Direct sun damage is clearly responsible for this sunburn on my Yugoslav tomatoes:

Sunburnt tomato

KONICA MINOLTA DIGITAL CAMERAIn general though my tomatoes did pretty well. There was some loss of foliage around the base of the plants and the occasional singed growing tip but all the plants survived pretty well considering.

The plants with the least damaged were, unsurprisingly, the ones that were mulched the most heavily.  The mulch was great at both keeping moisture in the soil but also keeping the soil comparatively cool.    I don’t think I  mulch my veg enough in general and this is perhaps my biggest learning from the heatwave.

The heat didn’t just bring damage, in some cases in also brought growth.  The eggplants looked happy with the arrival of summer.  Some of the chillies started to ripen and perhaps most remarkably the red cabbages hearted up nicely:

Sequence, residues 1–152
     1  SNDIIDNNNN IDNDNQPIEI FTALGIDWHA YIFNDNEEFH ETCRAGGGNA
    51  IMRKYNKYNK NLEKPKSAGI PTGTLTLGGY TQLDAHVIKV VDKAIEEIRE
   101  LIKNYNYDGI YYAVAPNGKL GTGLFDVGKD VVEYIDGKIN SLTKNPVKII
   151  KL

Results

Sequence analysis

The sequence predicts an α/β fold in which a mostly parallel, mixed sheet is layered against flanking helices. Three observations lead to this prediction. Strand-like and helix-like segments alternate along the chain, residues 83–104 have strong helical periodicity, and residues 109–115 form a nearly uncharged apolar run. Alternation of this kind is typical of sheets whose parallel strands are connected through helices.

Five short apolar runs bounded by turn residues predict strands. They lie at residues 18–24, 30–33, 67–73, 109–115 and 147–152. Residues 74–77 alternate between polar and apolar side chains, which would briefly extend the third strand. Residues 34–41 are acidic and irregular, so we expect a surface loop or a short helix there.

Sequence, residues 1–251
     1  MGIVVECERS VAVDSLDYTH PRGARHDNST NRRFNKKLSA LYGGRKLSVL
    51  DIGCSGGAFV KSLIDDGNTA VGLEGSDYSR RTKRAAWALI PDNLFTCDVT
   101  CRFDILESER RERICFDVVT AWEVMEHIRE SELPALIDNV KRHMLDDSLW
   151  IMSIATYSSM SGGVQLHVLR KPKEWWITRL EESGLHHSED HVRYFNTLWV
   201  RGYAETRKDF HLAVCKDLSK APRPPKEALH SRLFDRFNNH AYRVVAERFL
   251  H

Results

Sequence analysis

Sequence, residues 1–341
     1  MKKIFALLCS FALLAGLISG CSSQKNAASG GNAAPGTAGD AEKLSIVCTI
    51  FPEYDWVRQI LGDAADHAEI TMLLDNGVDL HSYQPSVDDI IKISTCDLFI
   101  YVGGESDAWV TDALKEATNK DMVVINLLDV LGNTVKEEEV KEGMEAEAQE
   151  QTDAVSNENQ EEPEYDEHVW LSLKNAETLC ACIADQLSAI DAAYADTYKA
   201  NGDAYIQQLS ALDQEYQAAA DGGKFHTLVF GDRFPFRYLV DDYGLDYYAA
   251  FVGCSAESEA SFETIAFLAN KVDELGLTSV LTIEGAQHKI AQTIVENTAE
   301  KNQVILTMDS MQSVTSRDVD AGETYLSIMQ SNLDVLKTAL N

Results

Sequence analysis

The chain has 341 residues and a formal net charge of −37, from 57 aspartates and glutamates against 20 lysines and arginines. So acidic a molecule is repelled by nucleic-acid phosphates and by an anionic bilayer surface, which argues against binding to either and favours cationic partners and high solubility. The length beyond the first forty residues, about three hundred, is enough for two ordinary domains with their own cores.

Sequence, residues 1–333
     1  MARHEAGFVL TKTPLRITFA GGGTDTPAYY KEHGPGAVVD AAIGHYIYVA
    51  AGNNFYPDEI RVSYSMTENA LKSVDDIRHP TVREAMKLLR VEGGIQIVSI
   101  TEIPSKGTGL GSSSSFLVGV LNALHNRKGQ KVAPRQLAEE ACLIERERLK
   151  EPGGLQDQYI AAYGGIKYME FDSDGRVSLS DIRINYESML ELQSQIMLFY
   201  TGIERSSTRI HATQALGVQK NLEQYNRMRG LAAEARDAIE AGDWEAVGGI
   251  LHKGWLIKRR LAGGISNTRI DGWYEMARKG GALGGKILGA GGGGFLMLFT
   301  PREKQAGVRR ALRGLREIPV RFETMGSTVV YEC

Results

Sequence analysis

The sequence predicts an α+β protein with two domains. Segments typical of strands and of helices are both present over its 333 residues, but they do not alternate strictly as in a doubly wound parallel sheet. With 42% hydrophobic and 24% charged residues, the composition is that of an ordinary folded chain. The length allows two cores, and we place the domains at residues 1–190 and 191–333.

Other plants just went about their business as if nothing remarkable was happening.  I have finger limes developing nicely on the tree (although I did have many more flowers than I now have set fruit) and the first of the Ebisu pumpkins has set nicely on the vine.

Finger Limes  Ebisu pumpkin

But those are both crops that do well in warm climates.  The things I was most surprised by were my kale, cucumber, mint and other climbing beans.  No sign of distress whatsoever: